It is the Church herself that evangelises as the presence of Christ in the world today. Evangelisation is inseparable from Christ. It is interesting to note that the Samaritan Woman and her encounter with Jesus happens at Jacob’s Well which becomes a kind of Church. It is here that she comes to experience Christ and draws others to this experience at this place. The Emmaus Disciples, alternatively, experience this when they share a special meal with Jesus. The keywords used here are Take, Bless, Break and Give. They are, of course, words inseparably linked with the Eucharist. Therefore, Evangelisation and the Church are inseparable.
Perhaps it is Pope Benedict XVI that best expressed, in this Golden Age of Magisterial teaching on evangelisation, the heart of what encountering Jesus means. In a type of summary of Christian life, Pope Benedict XVI in Deus Caritas Est (2005),1,defines, “Being Christian is not the result of an ethical choice or a lofty idea, but the encounter with an event, a person, which gives a new horizon and decisive direction.”
- DISCIPLESHIP: a second fundamental of evangelisation in our Catholic Tradition – Becoming Disciples. How does Jesus evangelise? How does Jesus make Disciples?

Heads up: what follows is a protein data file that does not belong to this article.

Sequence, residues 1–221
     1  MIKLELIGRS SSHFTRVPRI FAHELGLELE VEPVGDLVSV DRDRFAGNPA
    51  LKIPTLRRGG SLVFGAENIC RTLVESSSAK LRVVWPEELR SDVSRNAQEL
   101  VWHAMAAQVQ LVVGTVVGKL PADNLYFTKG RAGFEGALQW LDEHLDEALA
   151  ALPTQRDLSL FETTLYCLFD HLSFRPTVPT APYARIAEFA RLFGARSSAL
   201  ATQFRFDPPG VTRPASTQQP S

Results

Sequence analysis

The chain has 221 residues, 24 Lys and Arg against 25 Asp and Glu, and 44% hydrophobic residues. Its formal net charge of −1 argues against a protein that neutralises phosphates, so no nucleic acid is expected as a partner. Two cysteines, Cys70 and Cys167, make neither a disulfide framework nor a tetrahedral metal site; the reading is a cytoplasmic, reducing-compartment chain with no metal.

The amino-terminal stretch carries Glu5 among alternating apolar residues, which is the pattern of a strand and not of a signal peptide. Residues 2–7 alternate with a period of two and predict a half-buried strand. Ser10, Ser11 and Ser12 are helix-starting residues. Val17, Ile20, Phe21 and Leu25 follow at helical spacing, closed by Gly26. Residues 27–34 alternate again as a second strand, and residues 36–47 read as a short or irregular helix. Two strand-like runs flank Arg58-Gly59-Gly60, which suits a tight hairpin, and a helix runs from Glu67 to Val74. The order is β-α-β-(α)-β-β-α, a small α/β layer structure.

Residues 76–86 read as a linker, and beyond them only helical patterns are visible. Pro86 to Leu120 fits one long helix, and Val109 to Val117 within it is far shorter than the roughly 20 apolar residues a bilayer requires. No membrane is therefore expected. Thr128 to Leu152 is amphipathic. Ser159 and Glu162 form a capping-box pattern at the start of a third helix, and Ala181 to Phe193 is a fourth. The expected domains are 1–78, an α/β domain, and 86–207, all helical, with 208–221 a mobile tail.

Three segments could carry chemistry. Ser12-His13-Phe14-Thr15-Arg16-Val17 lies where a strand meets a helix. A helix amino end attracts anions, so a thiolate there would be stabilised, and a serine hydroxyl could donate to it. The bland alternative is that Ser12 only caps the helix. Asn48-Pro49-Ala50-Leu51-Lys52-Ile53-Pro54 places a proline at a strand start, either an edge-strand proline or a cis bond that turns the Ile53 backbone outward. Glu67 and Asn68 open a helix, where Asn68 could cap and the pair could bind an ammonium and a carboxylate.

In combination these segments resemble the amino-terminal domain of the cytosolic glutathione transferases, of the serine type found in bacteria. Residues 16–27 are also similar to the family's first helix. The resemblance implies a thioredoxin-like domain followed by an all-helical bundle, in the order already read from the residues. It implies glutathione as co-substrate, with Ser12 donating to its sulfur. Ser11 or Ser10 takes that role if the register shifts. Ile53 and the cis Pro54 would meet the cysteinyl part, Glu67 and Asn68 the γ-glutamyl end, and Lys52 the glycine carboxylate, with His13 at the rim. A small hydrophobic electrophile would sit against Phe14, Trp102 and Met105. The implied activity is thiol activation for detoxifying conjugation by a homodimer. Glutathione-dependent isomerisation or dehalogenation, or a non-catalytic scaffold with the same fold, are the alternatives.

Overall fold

With the Samaritan Woman, Jesus engages patiently with her in a very gradual merciful dialogue that evangelises. On a very hot day at a drinking well, he simply asks the woman to “give me a drink.” It opens up the conversation. Jesus himself takes the initiative here. He invites her to consider the possibility of “living water” (John 4/10). This takes time, she does not quite understand what this means. She has a very physical understanding of the water. Jesus gives it a spiritual understanding of a spring welling up deep within her.
With the Emmaus disciples, again, we find Jesus gradually initiating a dialogue with them to draw them into the deeper mysteries of faith. After scolding them for being “so slow” (Luke 24/25), he then patiently “explained and opened the Scripture to us…and we recognised Him in the Breaking of the Bread” (Luke 24/32-35). It is gradual. It is patient. He walks with them. In walking with them, he explains the Mysteries of the faith. It is a synodal experience.
With both the Samaritan Women and the Emmaus disciples, there is a common call to conversion. They are to repent and believe in the Good News. They are to do a 180-degree turn around towards a life looked at from the point of view of God’s merciful love and not their own. There is a movement from little or partial faith to a complete faith. In a sense, we could say even today that there is a movement from Religious faith to Christian faith.
All of this, of course, as we examine Jesus, as the Master evangelist, is something that is PROPOSED but never IMPOSED on anyone. This is stressed by St Paul VI in Evangelli Nuntiandi 80 and by every Pope ever since as a hallmark characteristic of Catholic evangelisation.